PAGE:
Researchers from the University of Waterloo have developed a method that will detect roughly 10 black holes per year, doubling the number currently known within two years, and it will likely unlock the history of black holes in a little more than a decade.
Eight small satellites, designed to improve hurricane forecasts by detecting the wind speeds within storms, blasted off on Thursday aboard an air-launched Pegasus rocket, a NASA TV broadcast showed.
Imagine strapping on a harness and dangling yourself over the side of a bridge, 100 feet in the air—the wind whipping past you, the earth far below. It might sound like a scene from a spy movie, or a fun idea for a vacation activity. For a bridge inspector, however, it’s just another day on the job.
Retail giant Amazon has made its first commercial delivery using a drone, in the UK.
The package arrived safely at its destination in Cambridge, 13 minutes after being ordered.
Related: Amazon just launched a cashier-free convenience store
In an experimental new treatment, a 32-electrode stimulator was implanted near the C-5 vertebrae in the middle of a patient’s neck, below the site of his spinal injury.
This procedure was first used on two cervical spinal-cord injury patients who displayed a 300% increase in finger mobility and grip strength.
If Santa is recruiting helpers to haul Christmas presents around the world this year he had better take a few extra, said researchers Monday who warned that reindeer are shrinking.
Over the past 16 years, the weight of adult reindeer in Svalbard in the Norwegian Arctic has dropped by 12 percent
Research Fellow Monamie RINGHOFER and Associate Professor Shinya YAMAMOTO (Kobe University Graduate School of Intercultural Studies) have proved that when horses face unsolvable problems they use visual and tactile signals to get human attention and ask for help. The study also suggests that horses alter their communicative behavior based on humans’ knowledge of the situation.
Tibetan mastiffs thrive where most dogs and people can’t: in the thin, frigid mountain air above 4000 meters. A new study suggests they acquired this talent by interbreeding with gray wolves that already ranged to such heights more than 20,000 years ago. Intriguingly, Tibetan people received their high-altitude fitness via the same mechanism—by interbreeding with now extinct humans known as Denisovans.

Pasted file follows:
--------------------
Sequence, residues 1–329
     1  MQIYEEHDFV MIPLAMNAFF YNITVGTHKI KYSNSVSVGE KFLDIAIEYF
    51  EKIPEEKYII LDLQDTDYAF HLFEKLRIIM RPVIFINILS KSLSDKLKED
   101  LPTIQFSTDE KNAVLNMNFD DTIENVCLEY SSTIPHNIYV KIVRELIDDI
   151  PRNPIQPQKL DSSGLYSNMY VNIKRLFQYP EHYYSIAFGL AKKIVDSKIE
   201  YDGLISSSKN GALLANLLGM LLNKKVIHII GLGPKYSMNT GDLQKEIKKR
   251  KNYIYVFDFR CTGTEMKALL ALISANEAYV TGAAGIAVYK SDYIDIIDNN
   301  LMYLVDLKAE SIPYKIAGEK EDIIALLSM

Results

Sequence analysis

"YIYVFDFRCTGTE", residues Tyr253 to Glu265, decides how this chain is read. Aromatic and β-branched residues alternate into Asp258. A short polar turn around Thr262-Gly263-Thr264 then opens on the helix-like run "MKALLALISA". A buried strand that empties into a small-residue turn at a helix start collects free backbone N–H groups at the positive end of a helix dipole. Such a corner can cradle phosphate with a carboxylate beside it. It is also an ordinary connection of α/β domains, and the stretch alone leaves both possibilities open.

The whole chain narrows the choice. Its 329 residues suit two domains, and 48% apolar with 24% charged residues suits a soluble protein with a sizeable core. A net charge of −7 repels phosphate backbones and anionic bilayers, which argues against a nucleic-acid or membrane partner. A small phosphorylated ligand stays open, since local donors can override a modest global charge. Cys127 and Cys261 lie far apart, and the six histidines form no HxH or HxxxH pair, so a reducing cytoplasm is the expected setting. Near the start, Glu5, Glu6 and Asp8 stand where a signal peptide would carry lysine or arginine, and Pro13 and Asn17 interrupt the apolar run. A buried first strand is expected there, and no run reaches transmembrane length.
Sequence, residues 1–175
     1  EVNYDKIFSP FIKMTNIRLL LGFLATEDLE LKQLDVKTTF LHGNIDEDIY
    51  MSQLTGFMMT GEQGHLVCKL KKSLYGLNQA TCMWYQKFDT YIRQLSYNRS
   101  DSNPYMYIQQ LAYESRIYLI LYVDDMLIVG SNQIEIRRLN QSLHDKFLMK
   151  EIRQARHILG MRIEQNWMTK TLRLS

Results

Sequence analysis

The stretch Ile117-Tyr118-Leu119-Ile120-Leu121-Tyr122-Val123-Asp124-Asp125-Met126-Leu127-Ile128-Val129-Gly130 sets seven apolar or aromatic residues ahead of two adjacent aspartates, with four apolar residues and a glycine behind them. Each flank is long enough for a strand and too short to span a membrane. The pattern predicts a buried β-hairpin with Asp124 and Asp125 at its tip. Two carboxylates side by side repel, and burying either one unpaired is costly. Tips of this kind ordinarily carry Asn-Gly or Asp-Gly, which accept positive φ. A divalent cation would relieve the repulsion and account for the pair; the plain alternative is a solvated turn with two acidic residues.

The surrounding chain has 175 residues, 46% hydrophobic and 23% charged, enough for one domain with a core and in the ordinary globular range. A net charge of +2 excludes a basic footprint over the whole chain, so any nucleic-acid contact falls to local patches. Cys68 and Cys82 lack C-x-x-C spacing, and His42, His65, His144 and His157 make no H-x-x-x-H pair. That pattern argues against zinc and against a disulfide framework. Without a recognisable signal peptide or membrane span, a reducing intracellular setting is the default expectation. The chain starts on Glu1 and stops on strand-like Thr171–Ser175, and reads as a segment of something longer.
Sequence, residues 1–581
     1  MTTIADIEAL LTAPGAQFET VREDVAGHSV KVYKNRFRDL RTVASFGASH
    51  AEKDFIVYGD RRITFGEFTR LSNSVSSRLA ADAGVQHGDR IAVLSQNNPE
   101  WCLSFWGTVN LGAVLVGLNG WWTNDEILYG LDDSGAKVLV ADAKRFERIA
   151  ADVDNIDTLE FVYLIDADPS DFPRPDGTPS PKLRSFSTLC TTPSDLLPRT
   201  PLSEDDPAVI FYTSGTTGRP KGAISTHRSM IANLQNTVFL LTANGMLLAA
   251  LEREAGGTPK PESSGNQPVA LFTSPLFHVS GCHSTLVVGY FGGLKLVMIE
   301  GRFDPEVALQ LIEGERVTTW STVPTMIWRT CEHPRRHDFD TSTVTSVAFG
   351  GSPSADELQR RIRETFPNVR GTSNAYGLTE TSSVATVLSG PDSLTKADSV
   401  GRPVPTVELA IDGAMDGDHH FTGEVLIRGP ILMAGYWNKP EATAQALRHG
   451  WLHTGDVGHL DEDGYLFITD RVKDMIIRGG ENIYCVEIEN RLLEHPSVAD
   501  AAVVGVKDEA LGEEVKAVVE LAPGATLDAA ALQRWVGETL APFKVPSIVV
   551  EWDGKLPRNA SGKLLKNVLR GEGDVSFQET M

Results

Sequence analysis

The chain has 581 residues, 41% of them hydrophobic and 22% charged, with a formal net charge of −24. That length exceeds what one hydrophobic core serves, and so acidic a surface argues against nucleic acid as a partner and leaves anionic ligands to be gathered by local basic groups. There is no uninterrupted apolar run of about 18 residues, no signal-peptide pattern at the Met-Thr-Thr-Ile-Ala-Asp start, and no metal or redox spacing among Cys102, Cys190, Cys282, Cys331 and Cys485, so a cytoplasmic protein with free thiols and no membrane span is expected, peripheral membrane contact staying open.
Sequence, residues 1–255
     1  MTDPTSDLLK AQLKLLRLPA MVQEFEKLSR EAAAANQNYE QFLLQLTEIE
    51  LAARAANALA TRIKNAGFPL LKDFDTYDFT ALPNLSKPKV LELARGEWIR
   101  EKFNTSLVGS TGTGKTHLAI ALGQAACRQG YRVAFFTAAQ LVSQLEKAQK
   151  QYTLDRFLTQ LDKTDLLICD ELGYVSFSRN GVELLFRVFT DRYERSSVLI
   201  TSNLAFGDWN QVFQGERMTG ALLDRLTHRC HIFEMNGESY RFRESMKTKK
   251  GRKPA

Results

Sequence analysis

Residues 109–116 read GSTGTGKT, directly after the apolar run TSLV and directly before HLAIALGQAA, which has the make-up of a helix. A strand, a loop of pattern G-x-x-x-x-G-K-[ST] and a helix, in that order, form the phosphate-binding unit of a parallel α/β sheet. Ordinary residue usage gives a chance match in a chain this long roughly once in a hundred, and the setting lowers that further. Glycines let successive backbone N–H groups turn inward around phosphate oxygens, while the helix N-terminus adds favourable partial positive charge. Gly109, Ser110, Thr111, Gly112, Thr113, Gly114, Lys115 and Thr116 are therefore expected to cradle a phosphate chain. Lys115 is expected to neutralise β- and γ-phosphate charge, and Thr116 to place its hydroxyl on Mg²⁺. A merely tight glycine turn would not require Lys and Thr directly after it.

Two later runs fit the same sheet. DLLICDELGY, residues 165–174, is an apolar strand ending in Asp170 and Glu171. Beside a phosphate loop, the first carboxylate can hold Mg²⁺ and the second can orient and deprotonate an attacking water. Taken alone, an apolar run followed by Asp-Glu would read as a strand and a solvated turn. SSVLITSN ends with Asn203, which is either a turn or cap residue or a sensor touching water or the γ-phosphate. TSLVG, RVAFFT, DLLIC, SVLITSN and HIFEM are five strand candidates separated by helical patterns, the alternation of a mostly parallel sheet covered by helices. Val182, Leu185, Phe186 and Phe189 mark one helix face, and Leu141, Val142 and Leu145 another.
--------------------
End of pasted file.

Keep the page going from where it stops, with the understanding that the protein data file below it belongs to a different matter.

Any pet owner will tell you that their animal companions comfort and sustain them when life gets rough. This may be especially true for people with serious mental illness, a study finds. When people with schizophrenia or bipolar disorder were asked who or what helped them manage the condition, many said it was pets that helped the most.
Do rats feel joy? It can be hard to tell, since they can’t exactly greet us with a grin.
But now, for the first time, scientists have spotted the rat equivalent of a smile—and it’s all in the ears.
Alt: Study suggests rats smile with their ears
Joyful Brits underestimate the nation’s happiness by 45 per cent, according to a new poll on public perception.
Despite their gloomy estimations, nine in 10 British people consider themselves to be “very or rather happy.”
Fewer teenagers in the United States used drugs in 2016 than in previous decades. The positive news comes from an annual survey of almost 45,500 U.S. students in grades eight, 10 and 12.
Later high school start times are associated with positive outcomes among teens, including longer weekday sleep durations and reduced vehicular accident rates, research suggests.
Sleeping less than five hours a night and then getting behind the wheel is as dangerous as driving while drunk, a major study has found.
Related: Jet lag increases risk of liver cancer, new study suggests
Related: Australian researchers make major breakthrough in understanding cot death
New research suggests it is possible to slow or even reverse aging, at least in mice, by undoing changes in gene activity—the same kinds of changes that are caused by decades of life in humans.
Alt: Scientists Say the Clock of Aging May Be Reversible
A sound in the Mariana Trench notable for its complexity and wide frequency range likely represents the discovery of a new baleen whale call, according to the researchers who recorded and analyzed it.
Killer whales off Australia have been seen killing and eating rare beaked whales – a behaviour never observed before.
Since 2014, a small team including Rebecca Wellard of Curtin University in Perth has been going out with commercial whale-watching boats to study killer whales off Australia’s south coast.